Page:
The team’s superior is CHIEF HWANG (Sol Kyung-gu), again another classic authoritative archetype found in police-related films who, like Yoon-joo, doesn’t deviate from the mold. Every character is given a quirk or two to try and set them apart from being everyone else ever, and Chief Hwang’s lies in his affinity for carving out chess pieces to represent the animal code names of his people in the field, and sometimes the code names for the people they’re after.
These he puts on alternating (but curiously analogue compared to the advanced setup in the main office) small-scale maps of the different regions in Seoul so that he always has a bird’s-eye view of where his agents are at all times. Though he rarely participates in field work, he’s always on or near where he needs to be in a constantly-moving van set up for his purposes, and helps wrangle his agents/children so that things run as smoothly as possible.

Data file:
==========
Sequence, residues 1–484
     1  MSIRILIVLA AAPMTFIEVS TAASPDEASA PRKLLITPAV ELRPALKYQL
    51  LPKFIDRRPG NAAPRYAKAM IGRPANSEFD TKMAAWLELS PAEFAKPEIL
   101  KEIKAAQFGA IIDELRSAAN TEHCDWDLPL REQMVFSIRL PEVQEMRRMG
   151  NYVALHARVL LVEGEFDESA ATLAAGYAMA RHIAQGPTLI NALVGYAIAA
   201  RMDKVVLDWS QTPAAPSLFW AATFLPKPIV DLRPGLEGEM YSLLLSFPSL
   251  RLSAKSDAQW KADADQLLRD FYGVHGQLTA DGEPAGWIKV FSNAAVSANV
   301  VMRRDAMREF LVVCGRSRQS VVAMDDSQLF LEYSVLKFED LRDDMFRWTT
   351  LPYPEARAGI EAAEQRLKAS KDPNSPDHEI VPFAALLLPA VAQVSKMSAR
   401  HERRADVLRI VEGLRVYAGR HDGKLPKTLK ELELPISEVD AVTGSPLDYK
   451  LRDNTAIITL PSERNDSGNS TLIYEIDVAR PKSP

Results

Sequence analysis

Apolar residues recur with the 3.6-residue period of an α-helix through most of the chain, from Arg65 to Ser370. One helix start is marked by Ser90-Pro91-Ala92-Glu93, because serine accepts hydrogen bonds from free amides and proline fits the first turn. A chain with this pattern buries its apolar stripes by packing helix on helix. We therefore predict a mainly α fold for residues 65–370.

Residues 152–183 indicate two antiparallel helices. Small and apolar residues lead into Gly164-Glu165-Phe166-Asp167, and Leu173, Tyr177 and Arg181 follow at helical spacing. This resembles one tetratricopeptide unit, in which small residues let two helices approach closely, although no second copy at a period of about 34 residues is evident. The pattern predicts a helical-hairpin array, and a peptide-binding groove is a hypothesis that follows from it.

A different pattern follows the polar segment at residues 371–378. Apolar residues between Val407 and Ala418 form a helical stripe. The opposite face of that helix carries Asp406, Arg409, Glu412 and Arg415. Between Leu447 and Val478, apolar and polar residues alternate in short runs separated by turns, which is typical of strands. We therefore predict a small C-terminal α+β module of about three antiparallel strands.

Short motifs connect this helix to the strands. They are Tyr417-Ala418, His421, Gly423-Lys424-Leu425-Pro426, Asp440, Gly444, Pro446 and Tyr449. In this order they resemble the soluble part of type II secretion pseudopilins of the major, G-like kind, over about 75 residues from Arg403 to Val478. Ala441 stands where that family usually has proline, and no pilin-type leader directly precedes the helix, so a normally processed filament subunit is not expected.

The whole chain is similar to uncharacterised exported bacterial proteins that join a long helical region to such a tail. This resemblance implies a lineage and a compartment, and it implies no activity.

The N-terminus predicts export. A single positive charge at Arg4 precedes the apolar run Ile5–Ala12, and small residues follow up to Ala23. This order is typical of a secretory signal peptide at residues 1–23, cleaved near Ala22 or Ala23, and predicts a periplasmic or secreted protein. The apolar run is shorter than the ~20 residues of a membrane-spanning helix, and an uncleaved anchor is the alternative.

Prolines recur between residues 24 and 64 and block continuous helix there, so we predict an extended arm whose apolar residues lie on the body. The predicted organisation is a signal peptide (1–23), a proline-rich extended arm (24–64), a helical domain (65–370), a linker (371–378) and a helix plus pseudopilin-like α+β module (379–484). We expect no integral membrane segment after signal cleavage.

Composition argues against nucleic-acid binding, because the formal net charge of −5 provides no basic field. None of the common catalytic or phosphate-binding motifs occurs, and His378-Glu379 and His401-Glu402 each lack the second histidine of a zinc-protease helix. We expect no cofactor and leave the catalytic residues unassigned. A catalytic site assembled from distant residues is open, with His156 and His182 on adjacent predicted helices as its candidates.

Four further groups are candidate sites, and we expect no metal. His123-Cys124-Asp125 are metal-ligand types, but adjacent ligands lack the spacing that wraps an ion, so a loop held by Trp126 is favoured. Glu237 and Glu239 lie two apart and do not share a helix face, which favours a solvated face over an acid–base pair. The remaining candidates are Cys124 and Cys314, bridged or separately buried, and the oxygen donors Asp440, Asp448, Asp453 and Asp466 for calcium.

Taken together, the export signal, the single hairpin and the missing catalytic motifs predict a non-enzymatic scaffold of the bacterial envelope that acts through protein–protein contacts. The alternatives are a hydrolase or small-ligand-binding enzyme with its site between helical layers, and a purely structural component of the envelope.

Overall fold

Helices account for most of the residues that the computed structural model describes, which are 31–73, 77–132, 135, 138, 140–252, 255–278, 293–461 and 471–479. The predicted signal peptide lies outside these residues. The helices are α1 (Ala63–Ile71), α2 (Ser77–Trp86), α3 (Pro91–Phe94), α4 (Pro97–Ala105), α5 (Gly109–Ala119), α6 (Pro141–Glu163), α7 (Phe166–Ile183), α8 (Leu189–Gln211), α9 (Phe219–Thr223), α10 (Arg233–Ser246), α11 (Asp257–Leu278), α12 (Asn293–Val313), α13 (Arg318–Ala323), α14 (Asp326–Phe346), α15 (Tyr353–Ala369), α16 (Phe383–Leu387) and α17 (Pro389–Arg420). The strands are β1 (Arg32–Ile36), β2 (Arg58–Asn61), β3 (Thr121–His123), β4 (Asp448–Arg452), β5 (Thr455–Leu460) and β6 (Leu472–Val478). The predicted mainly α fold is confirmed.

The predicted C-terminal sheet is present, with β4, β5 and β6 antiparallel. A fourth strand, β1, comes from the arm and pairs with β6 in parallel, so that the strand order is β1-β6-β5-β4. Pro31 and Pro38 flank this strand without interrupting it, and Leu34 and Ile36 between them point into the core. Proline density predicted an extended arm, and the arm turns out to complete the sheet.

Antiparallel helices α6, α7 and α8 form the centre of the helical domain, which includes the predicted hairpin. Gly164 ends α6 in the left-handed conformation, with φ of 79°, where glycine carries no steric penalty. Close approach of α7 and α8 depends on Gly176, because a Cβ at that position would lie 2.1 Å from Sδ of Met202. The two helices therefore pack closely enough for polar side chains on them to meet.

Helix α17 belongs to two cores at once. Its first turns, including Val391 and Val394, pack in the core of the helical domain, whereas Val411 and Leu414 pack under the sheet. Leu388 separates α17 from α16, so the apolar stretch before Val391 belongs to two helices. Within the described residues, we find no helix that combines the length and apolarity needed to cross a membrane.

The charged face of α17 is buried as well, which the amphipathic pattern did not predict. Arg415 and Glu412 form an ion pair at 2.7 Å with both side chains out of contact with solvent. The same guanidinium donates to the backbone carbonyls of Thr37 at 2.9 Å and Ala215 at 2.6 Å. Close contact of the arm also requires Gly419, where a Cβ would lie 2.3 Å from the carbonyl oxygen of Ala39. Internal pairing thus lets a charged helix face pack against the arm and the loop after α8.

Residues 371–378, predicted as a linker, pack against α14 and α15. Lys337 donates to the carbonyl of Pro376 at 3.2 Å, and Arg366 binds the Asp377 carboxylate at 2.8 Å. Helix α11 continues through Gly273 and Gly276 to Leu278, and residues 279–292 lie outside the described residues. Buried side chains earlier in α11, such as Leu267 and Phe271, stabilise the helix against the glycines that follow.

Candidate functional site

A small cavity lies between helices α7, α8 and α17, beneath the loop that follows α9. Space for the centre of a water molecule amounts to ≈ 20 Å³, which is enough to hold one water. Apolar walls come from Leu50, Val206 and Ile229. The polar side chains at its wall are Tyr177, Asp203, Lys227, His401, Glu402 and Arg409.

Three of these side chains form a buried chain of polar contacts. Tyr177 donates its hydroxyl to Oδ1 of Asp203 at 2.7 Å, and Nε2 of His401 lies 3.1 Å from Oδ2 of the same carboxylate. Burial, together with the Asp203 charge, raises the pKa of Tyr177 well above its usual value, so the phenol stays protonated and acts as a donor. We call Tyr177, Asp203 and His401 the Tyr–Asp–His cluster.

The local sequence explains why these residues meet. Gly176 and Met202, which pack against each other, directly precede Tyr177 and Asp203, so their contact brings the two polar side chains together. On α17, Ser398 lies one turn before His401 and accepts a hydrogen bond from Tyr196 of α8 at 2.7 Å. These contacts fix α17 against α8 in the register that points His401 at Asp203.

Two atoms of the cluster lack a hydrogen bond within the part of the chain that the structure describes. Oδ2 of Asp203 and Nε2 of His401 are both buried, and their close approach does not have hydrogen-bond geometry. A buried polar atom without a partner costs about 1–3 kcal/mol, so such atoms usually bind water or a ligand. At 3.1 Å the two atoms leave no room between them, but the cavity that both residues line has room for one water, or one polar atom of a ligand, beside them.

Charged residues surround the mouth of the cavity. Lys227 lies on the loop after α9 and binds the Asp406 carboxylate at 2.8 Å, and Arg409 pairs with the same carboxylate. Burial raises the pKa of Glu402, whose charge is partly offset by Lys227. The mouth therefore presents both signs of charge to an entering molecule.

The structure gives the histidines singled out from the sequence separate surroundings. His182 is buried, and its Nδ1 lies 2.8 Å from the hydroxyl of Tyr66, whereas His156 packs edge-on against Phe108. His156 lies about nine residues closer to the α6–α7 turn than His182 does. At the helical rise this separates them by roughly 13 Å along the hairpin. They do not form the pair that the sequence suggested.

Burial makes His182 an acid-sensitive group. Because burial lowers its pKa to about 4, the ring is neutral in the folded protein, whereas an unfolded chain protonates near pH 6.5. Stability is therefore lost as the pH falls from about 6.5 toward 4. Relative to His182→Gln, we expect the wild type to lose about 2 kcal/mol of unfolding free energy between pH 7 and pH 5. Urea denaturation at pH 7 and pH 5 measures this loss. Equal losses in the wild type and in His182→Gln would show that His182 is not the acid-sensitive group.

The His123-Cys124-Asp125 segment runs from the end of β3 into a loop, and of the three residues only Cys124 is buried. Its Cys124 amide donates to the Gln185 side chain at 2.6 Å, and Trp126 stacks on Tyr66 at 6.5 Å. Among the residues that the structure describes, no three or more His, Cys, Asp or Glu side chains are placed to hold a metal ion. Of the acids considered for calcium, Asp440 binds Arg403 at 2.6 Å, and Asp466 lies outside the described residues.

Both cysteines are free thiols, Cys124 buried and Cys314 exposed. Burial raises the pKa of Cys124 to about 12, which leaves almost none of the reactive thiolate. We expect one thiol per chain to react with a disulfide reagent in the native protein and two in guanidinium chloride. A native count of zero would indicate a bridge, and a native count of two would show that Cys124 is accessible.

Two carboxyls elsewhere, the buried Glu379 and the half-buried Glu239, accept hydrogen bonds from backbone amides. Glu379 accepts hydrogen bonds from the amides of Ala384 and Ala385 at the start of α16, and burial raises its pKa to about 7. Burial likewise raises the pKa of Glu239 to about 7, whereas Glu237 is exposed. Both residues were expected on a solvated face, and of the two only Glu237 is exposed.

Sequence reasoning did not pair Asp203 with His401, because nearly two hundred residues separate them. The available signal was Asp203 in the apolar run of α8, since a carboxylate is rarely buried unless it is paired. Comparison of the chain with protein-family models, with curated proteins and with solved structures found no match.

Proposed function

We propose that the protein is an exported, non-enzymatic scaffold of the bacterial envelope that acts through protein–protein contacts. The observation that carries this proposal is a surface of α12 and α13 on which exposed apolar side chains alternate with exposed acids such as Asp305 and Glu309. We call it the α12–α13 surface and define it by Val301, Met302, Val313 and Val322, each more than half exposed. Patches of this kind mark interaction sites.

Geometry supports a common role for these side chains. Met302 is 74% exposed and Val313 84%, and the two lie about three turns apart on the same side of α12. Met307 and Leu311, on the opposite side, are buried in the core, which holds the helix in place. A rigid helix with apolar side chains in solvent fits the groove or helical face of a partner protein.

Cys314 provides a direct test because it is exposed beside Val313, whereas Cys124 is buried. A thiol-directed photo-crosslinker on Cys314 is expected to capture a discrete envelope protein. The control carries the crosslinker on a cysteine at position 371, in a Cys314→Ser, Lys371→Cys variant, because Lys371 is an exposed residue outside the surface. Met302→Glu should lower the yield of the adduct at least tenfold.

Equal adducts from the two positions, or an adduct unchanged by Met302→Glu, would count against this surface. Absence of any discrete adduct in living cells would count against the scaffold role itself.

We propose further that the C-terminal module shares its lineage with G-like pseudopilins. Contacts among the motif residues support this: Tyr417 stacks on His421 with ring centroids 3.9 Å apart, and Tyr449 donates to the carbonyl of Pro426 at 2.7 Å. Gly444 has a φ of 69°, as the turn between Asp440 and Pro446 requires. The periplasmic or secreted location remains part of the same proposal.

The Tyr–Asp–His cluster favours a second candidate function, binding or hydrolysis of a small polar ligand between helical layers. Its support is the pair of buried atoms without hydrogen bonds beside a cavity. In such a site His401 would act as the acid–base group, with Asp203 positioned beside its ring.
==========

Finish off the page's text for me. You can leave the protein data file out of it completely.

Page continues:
Though well-played, he’s a character you’ve seen before and one you’ll see again, for as long as there are old dogs running the show with young’uns to care for. He develops a close bond of friendship and respect with Yoon-joo, but again, it’s really hard to stress how ordinary and expected each of these relationships are without stressing just how ordinary and expected each of these relationships are. (If it ain’t broke, don’t fix it.)
Their main foe lies in JAMES (Jung Woo-sung), a professional and extremely intelligent criminal who specializes in circumventing surveillance systems and seamlessly pulling off high-risk crimes with his own specialized team. He doesn’t directly involve himself in the action, preferring to plan everything out with mathematical precision so he can watch the events unfold from various rooftop perches.